What Will the Next Governor Do For Indiana’s Environment? A Conversation with the Lieutenant Gubernatorial Candidates
Thursday October 11
Eugene and Marilyn Glick
Indiana History Center
450 W. Ohio St.
Indiana ranks 1st in the country in toxic water pollution and 1st in the Midwest in its carbon footprint. How will the next Governor tackle these challenges and foster a more sustainable economy? Join the candidates for Lieutenant Governor as they discuss issues such as air and water pollution, public transit, renewable energy, and the future of coal.
Right now, Democrat candidate for Lieutenant Governor, Senator Vi Simpson, and Libertarian Candidate for Lieutenant Governor, Brad Klopfenstein, have confirmed their participation. While Representative Sue Ellspermann, the Republican Lieutenant Gubernatorial nominee, has offered to meet with HEC individually, her campaign has unfortunately – at present – declined to participate in such an exchange.
The candidates took on some of these questions at the State Fair, where they discussed agriculture:
[jbox color="platinum" title="Lieutenant Governor Debate: Drought, Ethanol and Taxes"]
Brandon Smith August 15 2012, Indiana Public Media
The drought became the key focus Wednesday in the only scheduled debate between Indiana’s candidates for lieutenant governor.
The candidates met at the Indiana State Fair to talk about a variety of issues relating to agriculture, as one of the lieutenant governor’s responsibilities is to serve as Secretary of Agriculture.
GOP candidate Sue Ellspermann praised the current relief efforts for farmers affected by the drought. The federal government led aid efforts, and Ellspermann says the state Department of Agriculture accelerated the process to get farmers access to assistance.
Democratic candidate Vi Simpson says the state is not ready to deal with disasters like the current drought. The state senator says she would establish a security council to develop disaster responses before they occur.
But Libertarian Party candidate Brad Klopfenstein cautioned against overreacting.
“Pretty much any farmer out there who wants crop insurance has that right now and I think that’s in place to take care of these disasters. That was preplanning, on a number of people’s parts, to get us there,” he says. “So I don’t think that we need to be reactionary and start dumping lots of money at a problem that already has a solution.”
The ethanol industry was another point of contention during the debate.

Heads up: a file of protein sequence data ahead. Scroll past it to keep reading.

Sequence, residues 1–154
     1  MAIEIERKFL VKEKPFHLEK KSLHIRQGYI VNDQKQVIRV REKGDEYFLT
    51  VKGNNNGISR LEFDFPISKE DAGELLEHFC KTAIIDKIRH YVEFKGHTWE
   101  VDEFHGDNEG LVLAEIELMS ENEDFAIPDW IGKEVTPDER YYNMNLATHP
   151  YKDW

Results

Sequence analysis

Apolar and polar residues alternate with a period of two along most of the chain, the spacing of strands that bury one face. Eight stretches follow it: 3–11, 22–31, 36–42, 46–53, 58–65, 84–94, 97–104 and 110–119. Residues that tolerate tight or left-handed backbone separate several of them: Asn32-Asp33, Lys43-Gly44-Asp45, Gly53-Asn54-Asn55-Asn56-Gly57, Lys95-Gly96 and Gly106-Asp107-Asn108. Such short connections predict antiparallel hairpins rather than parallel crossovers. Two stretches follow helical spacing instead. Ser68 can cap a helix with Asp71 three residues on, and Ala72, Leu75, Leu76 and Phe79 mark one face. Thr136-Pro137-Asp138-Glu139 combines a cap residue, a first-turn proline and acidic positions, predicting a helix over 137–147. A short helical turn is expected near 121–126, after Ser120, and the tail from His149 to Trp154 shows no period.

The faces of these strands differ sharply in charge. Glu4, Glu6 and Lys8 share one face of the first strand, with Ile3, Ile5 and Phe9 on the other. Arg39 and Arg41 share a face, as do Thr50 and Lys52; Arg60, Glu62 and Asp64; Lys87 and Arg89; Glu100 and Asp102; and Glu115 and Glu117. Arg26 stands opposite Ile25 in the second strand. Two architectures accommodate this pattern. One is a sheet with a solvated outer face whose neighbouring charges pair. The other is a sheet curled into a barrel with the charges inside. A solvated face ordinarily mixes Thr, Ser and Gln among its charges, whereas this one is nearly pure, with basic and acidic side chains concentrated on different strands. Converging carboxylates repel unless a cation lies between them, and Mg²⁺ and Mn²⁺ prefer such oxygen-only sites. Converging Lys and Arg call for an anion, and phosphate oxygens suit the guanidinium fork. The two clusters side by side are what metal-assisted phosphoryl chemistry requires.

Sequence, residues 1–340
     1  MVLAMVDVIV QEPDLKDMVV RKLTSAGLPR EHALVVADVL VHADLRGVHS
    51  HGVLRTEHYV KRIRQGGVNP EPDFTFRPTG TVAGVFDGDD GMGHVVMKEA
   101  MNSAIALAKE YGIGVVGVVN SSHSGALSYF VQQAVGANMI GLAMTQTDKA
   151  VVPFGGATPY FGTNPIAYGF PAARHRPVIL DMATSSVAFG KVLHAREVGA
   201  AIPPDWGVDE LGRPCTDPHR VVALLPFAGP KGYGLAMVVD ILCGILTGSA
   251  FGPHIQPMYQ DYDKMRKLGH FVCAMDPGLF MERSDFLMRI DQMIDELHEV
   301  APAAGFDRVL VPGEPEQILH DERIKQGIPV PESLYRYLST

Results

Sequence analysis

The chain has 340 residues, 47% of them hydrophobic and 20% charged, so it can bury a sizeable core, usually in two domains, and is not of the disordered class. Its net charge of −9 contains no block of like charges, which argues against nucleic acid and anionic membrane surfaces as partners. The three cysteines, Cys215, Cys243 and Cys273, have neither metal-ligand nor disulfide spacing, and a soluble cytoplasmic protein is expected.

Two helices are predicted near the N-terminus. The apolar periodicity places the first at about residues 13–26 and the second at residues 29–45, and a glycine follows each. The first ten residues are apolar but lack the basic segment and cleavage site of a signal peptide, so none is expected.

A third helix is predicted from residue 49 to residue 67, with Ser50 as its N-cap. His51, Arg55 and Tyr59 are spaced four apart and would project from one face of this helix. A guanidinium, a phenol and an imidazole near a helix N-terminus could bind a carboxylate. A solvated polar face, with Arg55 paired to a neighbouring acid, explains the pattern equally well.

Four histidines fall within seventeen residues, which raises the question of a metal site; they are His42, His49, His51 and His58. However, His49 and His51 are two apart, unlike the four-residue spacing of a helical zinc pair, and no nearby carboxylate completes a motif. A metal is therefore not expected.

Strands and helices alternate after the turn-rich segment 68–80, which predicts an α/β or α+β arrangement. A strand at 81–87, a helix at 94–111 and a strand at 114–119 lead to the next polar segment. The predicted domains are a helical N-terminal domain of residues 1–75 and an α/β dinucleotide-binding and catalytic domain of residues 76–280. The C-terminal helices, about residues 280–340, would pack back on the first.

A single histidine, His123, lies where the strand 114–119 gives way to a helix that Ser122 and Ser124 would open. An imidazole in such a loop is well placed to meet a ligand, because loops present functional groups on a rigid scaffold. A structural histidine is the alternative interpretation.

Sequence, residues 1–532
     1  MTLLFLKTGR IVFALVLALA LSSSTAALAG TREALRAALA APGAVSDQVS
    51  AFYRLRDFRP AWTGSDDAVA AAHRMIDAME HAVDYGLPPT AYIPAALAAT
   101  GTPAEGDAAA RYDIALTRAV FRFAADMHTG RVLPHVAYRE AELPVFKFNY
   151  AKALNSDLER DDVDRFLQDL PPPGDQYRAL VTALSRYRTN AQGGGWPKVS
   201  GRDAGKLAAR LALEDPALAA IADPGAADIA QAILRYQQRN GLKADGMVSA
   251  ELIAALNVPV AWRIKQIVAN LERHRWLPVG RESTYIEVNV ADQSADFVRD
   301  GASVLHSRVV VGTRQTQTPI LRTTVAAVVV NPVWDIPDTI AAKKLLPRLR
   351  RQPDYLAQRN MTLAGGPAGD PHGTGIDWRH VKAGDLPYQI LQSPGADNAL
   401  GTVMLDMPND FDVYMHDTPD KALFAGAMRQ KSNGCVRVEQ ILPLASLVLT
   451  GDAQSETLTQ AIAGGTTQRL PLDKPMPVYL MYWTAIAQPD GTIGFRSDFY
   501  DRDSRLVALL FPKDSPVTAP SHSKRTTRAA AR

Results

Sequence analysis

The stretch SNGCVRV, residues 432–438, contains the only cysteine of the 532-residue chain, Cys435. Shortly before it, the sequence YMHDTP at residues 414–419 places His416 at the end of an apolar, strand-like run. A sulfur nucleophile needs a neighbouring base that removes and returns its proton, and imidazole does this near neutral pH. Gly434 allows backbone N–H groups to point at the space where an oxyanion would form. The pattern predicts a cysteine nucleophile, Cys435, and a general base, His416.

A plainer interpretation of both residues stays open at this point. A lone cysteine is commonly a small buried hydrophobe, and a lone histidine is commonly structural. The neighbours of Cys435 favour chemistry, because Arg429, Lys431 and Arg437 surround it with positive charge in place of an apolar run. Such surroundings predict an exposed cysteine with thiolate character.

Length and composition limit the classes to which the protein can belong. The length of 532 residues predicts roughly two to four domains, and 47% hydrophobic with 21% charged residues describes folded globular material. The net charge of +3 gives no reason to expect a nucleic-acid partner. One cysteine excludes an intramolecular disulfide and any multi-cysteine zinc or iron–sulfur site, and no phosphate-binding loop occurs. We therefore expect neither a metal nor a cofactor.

Up to 40 percent of U.S. corn crops could be needed to fulfill the federal government’s mandate for ethanol usage this year because of the drought. Klopfenstein says despite ethanol’s significance in the state, that level should fluctuate when corn production drops and prices skyrocket.
Ellspermann says a Pence-Ellspermann administration recognizes the important role ethanol plays in Indiana’s economy.
“There’s a balance that we can achieve in using biofuels as well as being able to keep up with foods and feed and all the other needs that are out there,” she says.
Simpson says improving distribution and expanding markets for ethanol is a key to the industry and says she and running mate John Gregg are ready to stand up to oil companies to accomplish that.
Property Taxes On Farmland
A rumble went through the crowd at the Farm Bureau Building when property taxes were mentioned. All three candidates talked about a need to adjust the state’s tax system.
Simpson says significant reform is needed in a formula that disproportionately hurts farmers.
“I would start by undoing the constitutional amendment that was added which puts into the constitution circuit breakers and the property tax caps of one, two and three percent because it unfairly shifts the burden to farmland and to commercial properties,” she says.
Klopfenstein largely agreed with Simpson. He says while farmers are paying more, they are not getting the same return because ” hogs do not go to school and corn does not need libraries.”
Ellspermann says she and running mate Mike Pence are committed to establishing the most competitive property tax structure in the Midwest.